Just Us Spring Chickens - A Sweet Ritchie Family Tradition March 01 2024

ritchie family tradition feeding our chicken flock

By Elizabeth Ritchie Sherrill

In March of 2022, I found myself the owner of two chickens: a picturesque Rhode Island Red whom we named Lucy and a beautiful Columbian Wyandotte, the perfect Ethel. Their original owners were moving overseas and gave us their two hens and their entire setup. At this point, I had zero knowledge about chicken ownership and only a small inclination to take them on in the first place. Turns out, chickens are amazing!

Fast forward to March of 2023, where I couldn’t order baby chicks fast enough, and here we are in March of 2024, with a beloved backyard flock the size of a baker’s dozen!

It’s fascinating, the impressions that backyard chickens can leave on a person. Whether they are kept for pets, eggs, or meat, it seems that anyone who comes across chickens finds them endearing and has more than a handful of great stories to tell. My dad, Heath, and Aunt Beth both recall their family farm which existed on Ritchie Hill prior to WWII. The farm once included milk cows, pigs, and chickens which served both the household and the family grocers in Downtown Concord. Along with the livestock, their Aunt Margaret had one pony and their Uncle Dan raised hunting dogs. By the time they were born, only the chicken coop and a small shed remained on the family farm. They both recall receiving baby chicks and ducklings each Easter morning which went on to live in the coop outside. A small reminder of the family farm that once was.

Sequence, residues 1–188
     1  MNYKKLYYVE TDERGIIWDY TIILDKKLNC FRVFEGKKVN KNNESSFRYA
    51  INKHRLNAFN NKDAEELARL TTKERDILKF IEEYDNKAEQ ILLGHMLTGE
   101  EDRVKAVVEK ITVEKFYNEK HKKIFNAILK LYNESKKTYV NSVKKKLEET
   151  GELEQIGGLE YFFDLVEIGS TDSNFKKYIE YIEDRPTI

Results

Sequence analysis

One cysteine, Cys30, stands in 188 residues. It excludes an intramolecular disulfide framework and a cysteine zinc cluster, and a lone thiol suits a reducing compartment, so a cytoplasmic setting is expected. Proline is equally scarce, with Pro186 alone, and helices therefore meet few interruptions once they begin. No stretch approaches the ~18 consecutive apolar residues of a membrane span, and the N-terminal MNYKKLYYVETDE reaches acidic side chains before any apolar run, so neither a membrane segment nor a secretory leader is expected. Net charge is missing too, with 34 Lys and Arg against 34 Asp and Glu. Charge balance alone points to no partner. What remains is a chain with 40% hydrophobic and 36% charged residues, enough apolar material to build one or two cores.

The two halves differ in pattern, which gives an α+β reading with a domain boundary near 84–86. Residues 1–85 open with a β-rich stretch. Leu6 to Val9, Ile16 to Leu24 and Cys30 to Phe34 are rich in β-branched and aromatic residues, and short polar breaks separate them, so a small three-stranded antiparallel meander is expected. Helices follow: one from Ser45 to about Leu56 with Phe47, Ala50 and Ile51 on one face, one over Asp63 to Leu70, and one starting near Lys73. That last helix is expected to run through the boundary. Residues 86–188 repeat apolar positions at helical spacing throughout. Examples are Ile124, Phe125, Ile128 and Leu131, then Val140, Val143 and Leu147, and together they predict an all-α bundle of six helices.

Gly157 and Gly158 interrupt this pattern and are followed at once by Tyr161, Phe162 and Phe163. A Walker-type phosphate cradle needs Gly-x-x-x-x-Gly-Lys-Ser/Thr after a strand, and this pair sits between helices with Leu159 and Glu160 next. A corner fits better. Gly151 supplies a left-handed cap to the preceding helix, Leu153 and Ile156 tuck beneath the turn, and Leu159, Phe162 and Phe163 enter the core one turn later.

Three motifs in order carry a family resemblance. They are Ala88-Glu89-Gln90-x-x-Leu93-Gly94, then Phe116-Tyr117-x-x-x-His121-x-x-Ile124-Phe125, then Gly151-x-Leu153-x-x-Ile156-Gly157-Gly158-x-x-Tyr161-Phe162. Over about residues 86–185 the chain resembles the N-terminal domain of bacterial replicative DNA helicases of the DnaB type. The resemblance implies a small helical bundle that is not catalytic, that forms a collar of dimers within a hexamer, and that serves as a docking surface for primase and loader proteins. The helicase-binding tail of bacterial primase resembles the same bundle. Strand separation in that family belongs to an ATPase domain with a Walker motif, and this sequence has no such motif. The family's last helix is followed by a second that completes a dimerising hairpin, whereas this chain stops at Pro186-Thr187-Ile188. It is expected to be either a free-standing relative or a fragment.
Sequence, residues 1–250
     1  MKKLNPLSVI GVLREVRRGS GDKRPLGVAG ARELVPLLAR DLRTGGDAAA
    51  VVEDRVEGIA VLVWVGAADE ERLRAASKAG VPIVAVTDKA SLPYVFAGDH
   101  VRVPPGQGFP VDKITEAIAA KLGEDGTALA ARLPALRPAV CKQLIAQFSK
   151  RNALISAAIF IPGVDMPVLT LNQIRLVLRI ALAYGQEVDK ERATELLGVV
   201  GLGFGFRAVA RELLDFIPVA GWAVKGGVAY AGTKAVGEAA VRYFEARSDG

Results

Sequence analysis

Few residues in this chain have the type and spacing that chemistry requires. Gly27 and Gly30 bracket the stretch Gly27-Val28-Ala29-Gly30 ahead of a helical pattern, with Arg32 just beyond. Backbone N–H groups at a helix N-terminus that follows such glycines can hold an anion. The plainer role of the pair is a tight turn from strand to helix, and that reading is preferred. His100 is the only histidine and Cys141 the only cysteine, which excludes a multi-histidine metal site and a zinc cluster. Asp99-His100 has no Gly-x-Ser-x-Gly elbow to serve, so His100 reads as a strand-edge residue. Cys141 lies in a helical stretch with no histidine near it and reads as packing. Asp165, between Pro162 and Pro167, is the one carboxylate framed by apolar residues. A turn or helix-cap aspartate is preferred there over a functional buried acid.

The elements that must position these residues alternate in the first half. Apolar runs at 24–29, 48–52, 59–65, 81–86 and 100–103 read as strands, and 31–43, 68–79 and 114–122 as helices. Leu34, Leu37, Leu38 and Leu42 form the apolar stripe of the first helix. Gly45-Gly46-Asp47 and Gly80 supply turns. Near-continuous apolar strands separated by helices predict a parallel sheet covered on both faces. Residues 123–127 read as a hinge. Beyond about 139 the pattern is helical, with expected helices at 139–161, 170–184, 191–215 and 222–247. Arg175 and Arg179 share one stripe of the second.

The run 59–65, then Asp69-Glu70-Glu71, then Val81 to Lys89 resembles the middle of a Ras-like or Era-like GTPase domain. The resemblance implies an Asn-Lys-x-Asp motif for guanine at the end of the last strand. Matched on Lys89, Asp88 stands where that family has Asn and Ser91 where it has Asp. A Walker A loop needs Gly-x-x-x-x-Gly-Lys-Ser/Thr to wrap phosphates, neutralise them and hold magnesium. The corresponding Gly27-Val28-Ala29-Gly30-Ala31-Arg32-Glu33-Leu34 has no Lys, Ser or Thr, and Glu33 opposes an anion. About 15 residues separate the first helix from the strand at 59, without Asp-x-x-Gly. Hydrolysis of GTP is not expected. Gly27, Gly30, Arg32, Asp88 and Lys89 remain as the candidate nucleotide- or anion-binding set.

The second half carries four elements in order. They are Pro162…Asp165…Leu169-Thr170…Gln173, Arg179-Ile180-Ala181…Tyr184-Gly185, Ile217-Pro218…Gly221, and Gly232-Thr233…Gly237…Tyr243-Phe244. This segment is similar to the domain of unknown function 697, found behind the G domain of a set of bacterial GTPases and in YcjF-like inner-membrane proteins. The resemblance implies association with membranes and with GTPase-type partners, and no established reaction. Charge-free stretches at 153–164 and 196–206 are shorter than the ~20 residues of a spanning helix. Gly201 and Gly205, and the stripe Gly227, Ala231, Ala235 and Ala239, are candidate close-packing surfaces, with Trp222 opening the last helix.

ritchie family tradition feeding our chicken flock ritchie family tradition feeding our chicken flock ritchie family tradition feeding our chicken flock

One of my favorite things about stumbling into chicken ownership has been the shared experiences. I seek out the old memories that the mere mention of chickens can bring up for someone. Recently my maternal grandfather told me the story of Sammy She on his grandparents’ farm in West Virginia. “Sammy She” was originally a rooster named Sammy who turned out not to be a rooster at all, but a hen, and she was the only chicken to be allowed inside. I’m not sure how that invitation came to be, but she would sit on a kitchen chair and spread her wings to warm them by the wood stove, and that simple memory of a chicken has stuck with him his entire life.

From the stories I have heard throughout my life (around the Thanksgiving table especially), I would have loved to glimpse back in time at my family then. Both sides. It makes the connection now all the more special to in some small way be doing something that my relatives were doing a century ago. I can’t wait to hear what my children say about the chickens of their childhood.

Hopefully, not all of them include being terrified of our rooster, Ricky Roocardo.